Crafting an image
Maiye’s work centres around image-making. Whether he’s painting, sculpting, photographing or designing an installation, he first focuses on what he wants the final image to look like, playing around with configurations and compositions.
Recently, he’s been refining his visual language by incorporating historical motifs into his paintings: “I’ve been looking at symbols from black-centred spiritual religions and practices, such as the Five Percent Nation movement, to see how I can incorporate them into my paintings.”
Maiye’s work is a bricolage of past and present black culture references which he reinterprets for the modern eye. His images serve as a reminder that, according to the artist, “we are connected to time, but that time is not linear. History has a very easy way of being erased but it’s crucial to inform us of our current lived experience.”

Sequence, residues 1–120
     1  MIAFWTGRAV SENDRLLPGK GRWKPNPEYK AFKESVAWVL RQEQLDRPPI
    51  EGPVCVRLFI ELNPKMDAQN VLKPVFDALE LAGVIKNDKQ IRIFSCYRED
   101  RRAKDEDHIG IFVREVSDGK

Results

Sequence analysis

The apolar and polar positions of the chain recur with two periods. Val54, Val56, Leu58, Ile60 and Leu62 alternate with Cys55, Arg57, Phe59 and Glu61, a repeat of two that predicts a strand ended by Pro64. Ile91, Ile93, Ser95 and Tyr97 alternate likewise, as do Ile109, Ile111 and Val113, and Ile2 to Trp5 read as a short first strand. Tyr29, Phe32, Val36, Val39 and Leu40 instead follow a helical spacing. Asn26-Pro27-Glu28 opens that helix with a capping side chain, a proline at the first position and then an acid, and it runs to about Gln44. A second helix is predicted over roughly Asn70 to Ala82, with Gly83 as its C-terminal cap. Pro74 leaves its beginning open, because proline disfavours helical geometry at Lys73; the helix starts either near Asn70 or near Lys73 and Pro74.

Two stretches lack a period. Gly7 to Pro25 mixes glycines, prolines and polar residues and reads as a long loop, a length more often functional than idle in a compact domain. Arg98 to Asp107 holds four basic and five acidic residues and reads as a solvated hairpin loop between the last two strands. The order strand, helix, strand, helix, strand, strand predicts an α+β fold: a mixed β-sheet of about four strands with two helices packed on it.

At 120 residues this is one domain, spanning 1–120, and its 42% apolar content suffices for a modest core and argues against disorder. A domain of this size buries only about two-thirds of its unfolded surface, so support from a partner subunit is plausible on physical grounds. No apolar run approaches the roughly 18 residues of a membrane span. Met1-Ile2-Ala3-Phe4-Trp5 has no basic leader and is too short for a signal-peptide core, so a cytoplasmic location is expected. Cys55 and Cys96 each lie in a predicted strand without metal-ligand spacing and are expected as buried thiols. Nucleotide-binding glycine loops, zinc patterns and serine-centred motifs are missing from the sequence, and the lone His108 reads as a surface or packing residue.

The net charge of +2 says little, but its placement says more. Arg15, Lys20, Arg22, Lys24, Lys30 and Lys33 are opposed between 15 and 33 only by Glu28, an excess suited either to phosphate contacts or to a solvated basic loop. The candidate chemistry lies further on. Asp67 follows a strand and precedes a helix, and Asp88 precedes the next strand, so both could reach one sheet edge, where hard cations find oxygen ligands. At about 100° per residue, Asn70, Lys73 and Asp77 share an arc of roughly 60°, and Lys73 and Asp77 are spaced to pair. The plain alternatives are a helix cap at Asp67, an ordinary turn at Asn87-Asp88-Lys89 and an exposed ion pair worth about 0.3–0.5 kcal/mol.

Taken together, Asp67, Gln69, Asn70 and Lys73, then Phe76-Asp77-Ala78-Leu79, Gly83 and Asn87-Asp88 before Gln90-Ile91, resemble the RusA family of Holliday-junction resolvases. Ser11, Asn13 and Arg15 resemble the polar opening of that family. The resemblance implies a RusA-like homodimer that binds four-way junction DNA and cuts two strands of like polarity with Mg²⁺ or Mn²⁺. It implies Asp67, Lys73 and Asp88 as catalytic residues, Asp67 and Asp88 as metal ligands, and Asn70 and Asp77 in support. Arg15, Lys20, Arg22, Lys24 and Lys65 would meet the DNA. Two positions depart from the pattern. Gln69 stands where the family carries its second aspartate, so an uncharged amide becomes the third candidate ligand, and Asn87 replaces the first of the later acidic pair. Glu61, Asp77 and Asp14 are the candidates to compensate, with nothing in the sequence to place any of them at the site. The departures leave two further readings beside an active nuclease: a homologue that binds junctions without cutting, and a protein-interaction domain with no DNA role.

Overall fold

Founding the Afro-Portaitism movement
In 2017, Maiye coined the term ‘Afro-Portraitism’, a movement that explores the complexities of African diaspora. He describes Afro-Portraitism as “a way to express and reclaim ownership of representation through exploring self-histories and archiving”.
Most recently, Maiye’s work has been featured in Undivided Divinity, a show by the Molasses Gallery – an open-air art initiative that has been transforming spaces next to London Underground stations into artistic showcases by using billboards. The exhibition aims to educate the public and ignite discussions surrounding the role and recognition of black artists in the creative industries. You can see Maiye’s billboard near Finsbury Park Underground station.